src: url(...lots of stuff
    
  • Then I found that no matter where the "local" declaration is, Konqueror chokes. So I just got rid of it. IE still chokes.

  • To fix IE, I use a conditional comment to include the IE declaration separately:

    <!--[if IE]>
        @font-face {
            font-family: 'Graublau Web';
            src: url('GraublauWeb.eot');
        }
    <![endif]-->
    

    I actually just put this in a separate IE stylesheet. This isn't a problem for me since I almost always use a specific IE stylesheet. My normal stylesheet contains:

    @font-face {
        font-family: 'Graublau Web';
        src: url("GraublauWeb.woff") format("woff"),
            url("GraublauWeb.otf") format("opentype"),
            url("GraublauWeb.svg#grablau") format("svg");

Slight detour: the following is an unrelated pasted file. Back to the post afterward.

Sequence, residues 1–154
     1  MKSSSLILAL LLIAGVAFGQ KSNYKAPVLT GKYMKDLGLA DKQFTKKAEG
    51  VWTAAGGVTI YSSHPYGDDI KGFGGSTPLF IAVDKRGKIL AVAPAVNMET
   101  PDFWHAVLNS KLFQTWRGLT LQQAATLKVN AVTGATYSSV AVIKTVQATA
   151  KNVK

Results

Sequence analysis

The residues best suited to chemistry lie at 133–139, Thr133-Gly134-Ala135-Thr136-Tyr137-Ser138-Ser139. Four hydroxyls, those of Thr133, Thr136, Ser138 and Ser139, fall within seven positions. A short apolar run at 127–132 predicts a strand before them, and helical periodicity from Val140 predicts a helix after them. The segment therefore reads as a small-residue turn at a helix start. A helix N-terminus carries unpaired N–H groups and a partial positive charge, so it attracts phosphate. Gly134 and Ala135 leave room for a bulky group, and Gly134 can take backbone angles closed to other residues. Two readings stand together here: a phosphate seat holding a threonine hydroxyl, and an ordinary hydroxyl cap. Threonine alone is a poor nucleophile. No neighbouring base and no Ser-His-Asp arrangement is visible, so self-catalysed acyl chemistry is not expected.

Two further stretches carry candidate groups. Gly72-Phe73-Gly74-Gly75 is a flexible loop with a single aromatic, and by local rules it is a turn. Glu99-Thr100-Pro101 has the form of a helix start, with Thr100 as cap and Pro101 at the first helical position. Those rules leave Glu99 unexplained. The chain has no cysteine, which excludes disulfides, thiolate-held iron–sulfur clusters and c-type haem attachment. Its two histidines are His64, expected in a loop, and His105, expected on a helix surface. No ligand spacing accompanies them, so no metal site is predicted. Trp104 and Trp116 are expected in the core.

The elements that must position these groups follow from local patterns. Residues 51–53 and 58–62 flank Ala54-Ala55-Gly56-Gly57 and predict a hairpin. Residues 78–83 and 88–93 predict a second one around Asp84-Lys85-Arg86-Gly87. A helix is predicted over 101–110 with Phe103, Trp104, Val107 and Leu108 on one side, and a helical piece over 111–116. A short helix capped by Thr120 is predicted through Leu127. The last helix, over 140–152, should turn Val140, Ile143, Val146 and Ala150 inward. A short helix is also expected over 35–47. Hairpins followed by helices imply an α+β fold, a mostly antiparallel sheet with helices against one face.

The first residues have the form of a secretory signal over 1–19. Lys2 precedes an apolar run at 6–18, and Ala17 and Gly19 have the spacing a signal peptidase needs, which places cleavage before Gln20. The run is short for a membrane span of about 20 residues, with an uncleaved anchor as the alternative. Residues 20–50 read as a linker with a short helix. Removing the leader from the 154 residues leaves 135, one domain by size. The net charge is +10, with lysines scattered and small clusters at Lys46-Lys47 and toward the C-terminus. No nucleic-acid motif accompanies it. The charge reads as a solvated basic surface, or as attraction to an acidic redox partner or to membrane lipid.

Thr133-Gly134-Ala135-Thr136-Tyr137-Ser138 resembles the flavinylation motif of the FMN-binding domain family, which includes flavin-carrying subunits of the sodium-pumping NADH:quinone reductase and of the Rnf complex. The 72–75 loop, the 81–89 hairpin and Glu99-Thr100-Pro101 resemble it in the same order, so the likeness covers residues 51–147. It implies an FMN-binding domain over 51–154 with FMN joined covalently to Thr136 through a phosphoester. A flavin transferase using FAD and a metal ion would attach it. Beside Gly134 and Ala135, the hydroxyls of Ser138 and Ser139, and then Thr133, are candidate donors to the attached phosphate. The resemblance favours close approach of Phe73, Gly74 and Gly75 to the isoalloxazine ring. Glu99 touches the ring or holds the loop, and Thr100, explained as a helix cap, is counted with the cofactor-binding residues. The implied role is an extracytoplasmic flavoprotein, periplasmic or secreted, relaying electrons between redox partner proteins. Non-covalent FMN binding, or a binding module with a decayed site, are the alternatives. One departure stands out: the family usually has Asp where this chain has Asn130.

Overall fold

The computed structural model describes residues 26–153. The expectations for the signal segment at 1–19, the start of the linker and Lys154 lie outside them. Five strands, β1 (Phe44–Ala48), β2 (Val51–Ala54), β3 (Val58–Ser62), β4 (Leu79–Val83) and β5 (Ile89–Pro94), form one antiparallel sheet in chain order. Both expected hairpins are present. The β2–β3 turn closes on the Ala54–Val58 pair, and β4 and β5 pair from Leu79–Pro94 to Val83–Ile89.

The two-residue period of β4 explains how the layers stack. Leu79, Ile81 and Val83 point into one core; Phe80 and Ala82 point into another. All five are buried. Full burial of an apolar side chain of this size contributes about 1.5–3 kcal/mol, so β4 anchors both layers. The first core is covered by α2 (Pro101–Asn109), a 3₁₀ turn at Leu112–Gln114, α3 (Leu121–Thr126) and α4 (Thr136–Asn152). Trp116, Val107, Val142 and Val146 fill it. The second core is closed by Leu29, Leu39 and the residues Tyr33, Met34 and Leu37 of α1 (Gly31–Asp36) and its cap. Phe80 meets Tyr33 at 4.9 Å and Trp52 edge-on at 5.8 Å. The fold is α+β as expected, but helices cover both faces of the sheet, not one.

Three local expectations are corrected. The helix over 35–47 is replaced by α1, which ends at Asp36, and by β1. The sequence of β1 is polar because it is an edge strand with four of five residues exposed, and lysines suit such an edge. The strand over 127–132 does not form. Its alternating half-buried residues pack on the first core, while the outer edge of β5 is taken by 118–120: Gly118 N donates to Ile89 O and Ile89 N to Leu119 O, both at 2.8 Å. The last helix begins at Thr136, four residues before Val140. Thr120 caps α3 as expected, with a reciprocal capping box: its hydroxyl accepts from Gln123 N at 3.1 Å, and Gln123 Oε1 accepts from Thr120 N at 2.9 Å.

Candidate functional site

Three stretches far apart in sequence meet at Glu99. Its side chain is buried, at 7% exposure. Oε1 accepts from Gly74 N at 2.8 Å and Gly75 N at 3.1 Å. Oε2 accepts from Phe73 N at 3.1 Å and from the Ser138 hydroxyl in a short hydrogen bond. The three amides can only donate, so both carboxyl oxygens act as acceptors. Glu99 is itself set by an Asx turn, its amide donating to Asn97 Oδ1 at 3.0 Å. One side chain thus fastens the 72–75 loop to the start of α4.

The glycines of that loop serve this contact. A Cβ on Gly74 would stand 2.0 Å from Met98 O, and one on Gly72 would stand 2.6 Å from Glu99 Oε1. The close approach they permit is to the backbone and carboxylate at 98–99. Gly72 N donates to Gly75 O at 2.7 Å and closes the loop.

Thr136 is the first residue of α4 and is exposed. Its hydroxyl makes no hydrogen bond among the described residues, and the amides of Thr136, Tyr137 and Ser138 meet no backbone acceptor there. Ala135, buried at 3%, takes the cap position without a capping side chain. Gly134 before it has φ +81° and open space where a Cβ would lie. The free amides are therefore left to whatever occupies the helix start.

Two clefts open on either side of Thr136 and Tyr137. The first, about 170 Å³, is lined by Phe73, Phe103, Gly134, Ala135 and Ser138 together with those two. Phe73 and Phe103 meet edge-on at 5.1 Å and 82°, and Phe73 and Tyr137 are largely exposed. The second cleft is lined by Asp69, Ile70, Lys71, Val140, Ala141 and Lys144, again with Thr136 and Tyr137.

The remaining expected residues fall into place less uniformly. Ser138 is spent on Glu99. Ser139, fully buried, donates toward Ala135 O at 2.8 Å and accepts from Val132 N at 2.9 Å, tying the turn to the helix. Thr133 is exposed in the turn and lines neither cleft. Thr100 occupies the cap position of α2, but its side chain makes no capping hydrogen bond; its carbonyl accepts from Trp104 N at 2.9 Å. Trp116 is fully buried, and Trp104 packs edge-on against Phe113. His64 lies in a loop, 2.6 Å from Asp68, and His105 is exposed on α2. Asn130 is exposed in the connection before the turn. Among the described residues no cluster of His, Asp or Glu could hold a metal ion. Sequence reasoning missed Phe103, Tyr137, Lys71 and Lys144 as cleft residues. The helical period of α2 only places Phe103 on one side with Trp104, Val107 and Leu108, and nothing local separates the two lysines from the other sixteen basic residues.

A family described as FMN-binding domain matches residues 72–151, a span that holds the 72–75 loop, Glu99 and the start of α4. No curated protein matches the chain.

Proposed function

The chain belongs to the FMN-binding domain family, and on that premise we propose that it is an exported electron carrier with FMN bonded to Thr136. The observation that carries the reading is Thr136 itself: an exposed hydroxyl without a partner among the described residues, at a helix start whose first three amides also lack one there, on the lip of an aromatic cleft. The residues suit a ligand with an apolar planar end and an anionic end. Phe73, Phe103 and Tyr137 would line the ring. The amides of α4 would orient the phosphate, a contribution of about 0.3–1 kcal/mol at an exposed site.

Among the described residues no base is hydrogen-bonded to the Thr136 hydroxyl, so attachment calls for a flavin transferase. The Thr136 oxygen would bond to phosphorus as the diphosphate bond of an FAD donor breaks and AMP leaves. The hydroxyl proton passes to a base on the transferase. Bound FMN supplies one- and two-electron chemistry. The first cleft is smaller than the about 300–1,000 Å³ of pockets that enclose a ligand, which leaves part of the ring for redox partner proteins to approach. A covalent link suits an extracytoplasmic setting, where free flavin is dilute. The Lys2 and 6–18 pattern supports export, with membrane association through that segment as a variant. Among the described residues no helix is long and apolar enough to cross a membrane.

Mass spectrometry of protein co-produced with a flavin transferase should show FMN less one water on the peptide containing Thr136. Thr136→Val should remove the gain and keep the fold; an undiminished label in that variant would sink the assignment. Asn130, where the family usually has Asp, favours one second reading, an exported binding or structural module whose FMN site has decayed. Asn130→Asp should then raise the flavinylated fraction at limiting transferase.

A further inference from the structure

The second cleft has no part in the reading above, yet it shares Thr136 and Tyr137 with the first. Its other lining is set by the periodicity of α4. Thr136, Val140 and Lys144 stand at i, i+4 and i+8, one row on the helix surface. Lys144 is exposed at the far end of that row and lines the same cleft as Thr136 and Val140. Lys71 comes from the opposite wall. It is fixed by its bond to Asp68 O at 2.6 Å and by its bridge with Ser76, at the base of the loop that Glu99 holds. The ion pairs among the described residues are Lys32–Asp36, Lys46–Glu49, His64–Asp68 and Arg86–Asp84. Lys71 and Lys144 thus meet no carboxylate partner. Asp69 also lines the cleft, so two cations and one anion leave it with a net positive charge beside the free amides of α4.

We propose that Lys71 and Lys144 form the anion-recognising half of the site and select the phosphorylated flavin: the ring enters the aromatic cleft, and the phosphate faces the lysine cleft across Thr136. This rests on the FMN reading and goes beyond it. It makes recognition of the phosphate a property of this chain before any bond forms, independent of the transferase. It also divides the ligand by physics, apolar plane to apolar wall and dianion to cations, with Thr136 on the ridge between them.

}
    

Browser Support:

I tested this in:

  • Firefox 3.6 (Linux)
  • Opera 10.5 (Linux)
  • Midori, using WebkitGtk+ 1.1.22 (fixed!) (remember, this browser uses the exact same Webkit engine as Epiphany, Uzbl, Jumanji, surf, vimprobable, etc., etc.)
  • Konqueror 4.4.2 (fixed!)
  • IE6, 7, 8
  • Google Chrome (Windows)

All these browsers display the @font-face font using my syntax above.

IE Gotcha's:

  • Not using a separate IE stylesheet? You won't like this solution, sorry. It requires double declarations.
  • Using the syntax I just described, IE will get a 404 "not found" message as it attempts to download a file that doesn't exist. See Paul Irish's post for more about this issue. See below for the workaround.